The decision sparked an outcry over over-extended expropriation powers and led to other measures, both nationally and federally. However, the language used in contracts often gives little explicit indication of what is actually interpreted as expropriation. As a result, many investment contract arbitration tribunals have considered the definition of the limits of what is “removal” from property and the minimum requirements for “appropriate” compensation. Among the most important issues for the PFI user when assessing a country`s expropriation laws and verification procedures are the assessment of the clarity and transparency of laws and expropriation procedures with respect to their ability to compensate in a timely, timely and effective manner for their compliance with international standards and the existence of independent channels to verify or challenge expropriation decisions. In the arbitration process > arbitration of the investment contract, expropriation is carried out when a state has taken over the property of a foreign investor for whom compensation is required. 1.5 Does the government maintain an appropriate and effective compensation policy in a timely manner for expropriations, which is also in line with its international obligations? What are the explicit and well-defined limits on the expropriation capacity that the government has set? What are the independent channels to verify or challenge the exercise of this power? “Investments made by nationals or companies of a contracting party cannot be nationalized, expropriated, or subject to nationalization or expropriation measures (hereinafter referred to in the United States as a doctrine known as the “issuer domain,” which constitutes the legal basis for expropriation. The U.S. courts have accepted the doctrine as a governmental power, suggesting that it is implicit in the Fifth Amendment clause on allowances. According to this explanatory statement, the amendment`s assertion that ownership cannot be expropriated without adequate compensation implies that the property can indeed be taken. The Supreme Courts of Il., Mich (County of Wayne v. Hathcock ), Ohio (Norwood, Ohio v.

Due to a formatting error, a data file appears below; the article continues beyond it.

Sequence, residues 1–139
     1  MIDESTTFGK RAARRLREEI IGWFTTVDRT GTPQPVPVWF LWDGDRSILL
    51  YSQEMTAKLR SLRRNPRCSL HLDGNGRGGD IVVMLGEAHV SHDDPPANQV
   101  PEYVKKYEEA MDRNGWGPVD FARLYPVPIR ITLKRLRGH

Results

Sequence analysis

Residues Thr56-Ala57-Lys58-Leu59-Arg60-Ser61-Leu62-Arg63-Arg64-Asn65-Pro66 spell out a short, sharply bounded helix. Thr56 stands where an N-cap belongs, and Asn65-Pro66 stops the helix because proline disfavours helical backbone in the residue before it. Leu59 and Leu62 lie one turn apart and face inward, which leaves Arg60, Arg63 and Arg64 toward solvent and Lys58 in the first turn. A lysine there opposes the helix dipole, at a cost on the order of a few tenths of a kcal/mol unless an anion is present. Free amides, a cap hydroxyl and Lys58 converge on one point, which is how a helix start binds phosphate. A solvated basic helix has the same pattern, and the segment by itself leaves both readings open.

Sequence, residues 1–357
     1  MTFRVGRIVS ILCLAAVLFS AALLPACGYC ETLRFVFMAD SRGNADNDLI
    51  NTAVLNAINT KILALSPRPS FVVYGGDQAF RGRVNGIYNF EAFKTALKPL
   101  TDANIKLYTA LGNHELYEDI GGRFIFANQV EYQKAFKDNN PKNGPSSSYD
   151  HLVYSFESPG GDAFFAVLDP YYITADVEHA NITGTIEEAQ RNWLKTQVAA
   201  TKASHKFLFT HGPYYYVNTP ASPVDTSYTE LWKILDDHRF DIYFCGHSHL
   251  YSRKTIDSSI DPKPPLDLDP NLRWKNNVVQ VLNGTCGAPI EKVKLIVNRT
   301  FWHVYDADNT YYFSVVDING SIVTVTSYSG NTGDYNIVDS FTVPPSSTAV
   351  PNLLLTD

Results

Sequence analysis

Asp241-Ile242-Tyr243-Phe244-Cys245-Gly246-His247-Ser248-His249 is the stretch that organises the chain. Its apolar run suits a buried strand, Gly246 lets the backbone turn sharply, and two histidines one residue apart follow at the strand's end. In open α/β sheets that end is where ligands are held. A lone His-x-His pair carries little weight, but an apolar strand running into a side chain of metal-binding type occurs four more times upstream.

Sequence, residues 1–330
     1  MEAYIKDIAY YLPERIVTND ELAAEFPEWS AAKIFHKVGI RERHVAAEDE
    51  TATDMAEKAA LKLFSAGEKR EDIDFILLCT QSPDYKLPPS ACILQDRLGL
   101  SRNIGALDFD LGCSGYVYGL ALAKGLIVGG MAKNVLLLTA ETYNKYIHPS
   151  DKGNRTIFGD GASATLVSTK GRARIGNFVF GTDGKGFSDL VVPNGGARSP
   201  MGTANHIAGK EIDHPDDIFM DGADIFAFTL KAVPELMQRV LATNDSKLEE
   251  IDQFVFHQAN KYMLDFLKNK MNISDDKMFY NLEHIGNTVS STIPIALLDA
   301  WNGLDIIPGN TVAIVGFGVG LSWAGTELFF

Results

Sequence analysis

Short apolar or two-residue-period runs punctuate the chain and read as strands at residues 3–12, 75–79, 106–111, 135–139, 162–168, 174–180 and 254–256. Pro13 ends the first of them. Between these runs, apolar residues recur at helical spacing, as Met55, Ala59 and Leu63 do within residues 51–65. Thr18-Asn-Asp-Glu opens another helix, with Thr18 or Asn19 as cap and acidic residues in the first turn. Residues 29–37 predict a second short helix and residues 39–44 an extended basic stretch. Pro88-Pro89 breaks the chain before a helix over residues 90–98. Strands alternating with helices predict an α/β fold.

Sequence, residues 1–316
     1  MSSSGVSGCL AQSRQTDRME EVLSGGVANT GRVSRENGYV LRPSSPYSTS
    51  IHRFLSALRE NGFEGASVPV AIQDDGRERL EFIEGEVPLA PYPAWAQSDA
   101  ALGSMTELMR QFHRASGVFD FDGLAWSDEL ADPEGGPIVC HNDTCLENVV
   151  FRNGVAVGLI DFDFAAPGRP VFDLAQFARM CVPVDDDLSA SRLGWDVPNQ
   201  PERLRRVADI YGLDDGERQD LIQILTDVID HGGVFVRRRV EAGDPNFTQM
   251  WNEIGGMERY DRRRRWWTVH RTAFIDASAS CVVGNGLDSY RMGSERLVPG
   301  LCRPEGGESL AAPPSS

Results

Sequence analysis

Horney ), Okla., and S.C. then decided to prohibit such revenue cases in accordance with their state constitutions. There have also been federal measures, although relatively few expropriations have been carried out by this level of government. On the one-year anniversary of the Kelo decision, President George W. Bush adopted an executive order stating that important areas should not be used by the federal government “to promote the economic interest of private parties in obtaining ownership or use of the property earned.” State expropriations are widespread around the world, usually accompanied by the agreement that owners should receive adequate compensation for the property they are losing. The few exceptions to the agreement on fair compensation exist mainly in communist or socialist countries, where a government can expropriate not only countries, but also domestic or foreign companies present in the country. When a government expropriates property, compensation should be timely, proportionate and effective. The right to fair compensation and due process is indisputable and is reflected in all international investment agreements.